This article is more than 1 year old
Crappy hacker crew fingered for Bundestag snooping operation
CopyKittens persistent but easy to find, monitor and counter
Security researchers have lifted the lid on a new cyber-espionage crew that has targeted the German Bundestag and Turkish diplomats.
CopyKittens has attacked government, security and academic institutions, websites in Germany and Turkey, as well as United Nations employees and organisations in Saudi Arabia, Israel and Jordan for the last four years. Government institutions, defence companies, sub-contractors and large IT companies are among the most targeted organisations.
A study on the group co-authored by ClearSky, an Israeli cyber-intelligence firm, and Trend Micro reports how members of the German Bundestag were compromised by a watering hole-style attack run by the group. In another case a malicious email was sent from a breached account of an employee in the Ministry of Foreign Affairs in the Turkish Republic of Northern Cyprus, trying to leverage trust in the supposed source of the email in a bid to infect multiple targets in other government organisations worldwide. In a different case, a document likely stolen from the Turkish Ministry of Foreign affairs was used as decoy.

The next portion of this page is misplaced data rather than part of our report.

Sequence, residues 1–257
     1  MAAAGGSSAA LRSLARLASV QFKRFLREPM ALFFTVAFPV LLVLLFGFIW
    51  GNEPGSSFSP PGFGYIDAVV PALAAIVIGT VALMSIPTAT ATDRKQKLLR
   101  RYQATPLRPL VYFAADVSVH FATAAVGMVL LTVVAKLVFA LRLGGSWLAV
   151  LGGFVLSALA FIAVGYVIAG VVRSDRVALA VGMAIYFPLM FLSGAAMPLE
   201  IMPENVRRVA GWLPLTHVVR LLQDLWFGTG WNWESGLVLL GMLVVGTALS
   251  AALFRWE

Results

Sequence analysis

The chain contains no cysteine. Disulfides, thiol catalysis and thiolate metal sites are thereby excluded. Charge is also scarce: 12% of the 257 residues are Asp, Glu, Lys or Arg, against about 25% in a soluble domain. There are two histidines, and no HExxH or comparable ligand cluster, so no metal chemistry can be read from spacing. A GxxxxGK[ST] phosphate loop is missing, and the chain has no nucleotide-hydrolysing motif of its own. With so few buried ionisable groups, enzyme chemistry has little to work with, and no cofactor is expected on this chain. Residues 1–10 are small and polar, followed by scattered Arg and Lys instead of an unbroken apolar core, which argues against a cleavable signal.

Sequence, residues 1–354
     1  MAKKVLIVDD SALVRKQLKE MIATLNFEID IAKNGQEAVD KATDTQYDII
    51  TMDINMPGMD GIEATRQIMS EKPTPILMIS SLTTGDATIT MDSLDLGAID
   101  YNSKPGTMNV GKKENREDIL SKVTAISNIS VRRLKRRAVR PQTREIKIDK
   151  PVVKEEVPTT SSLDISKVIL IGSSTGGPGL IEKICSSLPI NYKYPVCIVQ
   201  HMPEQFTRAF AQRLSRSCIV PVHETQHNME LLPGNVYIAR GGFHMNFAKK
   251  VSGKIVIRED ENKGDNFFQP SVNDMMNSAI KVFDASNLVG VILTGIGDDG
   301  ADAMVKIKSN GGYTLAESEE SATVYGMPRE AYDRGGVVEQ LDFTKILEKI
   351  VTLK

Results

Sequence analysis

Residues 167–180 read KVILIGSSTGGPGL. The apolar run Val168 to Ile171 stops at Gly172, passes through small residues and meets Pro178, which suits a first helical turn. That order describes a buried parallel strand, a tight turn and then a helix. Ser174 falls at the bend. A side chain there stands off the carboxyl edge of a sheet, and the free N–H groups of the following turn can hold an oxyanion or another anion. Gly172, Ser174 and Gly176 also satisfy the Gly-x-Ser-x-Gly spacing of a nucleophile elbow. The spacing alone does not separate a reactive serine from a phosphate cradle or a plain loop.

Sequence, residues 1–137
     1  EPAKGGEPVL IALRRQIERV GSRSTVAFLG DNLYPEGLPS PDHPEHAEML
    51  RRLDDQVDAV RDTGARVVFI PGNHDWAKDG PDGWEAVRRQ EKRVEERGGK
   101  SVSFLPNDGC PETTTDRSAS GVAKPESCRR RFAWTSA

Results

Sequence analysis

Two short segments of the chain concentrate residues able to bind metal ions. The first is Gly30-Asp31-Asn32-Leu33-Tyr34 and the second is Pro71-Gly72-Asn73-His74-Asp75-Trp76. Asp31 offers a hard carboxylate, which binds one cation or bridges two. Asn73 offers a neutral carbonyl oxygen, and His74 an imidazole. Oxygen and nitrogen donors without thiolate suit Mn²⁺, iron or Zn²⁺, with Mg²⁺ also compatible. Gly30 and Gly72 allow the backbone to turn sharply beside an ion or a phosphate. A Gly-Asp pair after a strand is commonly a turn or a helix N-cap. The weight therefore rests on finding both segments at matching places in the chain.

Israeli embassies have been targeted by the group, as well as foreign embassies in Israel. Fake Facebook profiles (some active for years) have been used to spread malicious links and build trust with marks. Other tactics included breaching exposed webmail accounts.
The group has developed its own bespoke hacking tools. These include TDTESS backdoor; Vminst, a lateral movement tool; and NetSrv, a Cobalt Strike loader. The group also uses Matryoshka v1, a self-developed remote access trojan.
CopyKittens (AKA Rocket Kittens) also makes use of commercially available pen-testing tools such Cobalt Strike and Metasploit.
"CopyKittens is very persistent, despite lacking technological sophistication and operational discipline," according to ClearSky. "These characteristics, however, cause it to be relatively noisy, making it easy to find, monitor and apply counter measures relatively quickly."
Previous studies on CopyKittens, like this one by CheckPoint, also accused the group of rubbish OpSec practices.
More on the latest CopyKittens research can be found here and here. Neither ClearSky nor Trend Micro speculates about the identity of CopyKittens but (based on the targets and social media shenanigans) Iran has to be a strong suspect. ®